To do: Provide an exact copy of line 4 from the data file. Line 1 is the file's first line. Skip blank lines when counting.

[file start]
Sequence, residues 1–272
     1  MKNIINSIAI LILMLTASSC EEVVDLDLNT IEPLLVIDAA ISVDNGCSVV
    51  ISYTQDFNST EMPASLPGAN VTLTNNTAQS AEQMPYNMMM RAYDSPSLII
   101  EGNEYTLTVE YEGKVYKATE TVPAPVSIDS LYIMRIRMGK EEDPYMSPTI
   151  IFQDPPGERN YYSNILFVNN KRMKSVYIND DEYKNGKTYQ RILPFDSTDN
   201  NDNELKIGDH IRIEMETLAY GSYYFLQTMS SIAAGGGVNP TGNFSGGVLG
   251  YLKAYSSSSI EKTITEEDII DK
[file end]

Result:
   101  EGNEYTLTVE YEGKVYKATE TVPAPVSIDS LYIMRIRMGK EEDPYMSPTI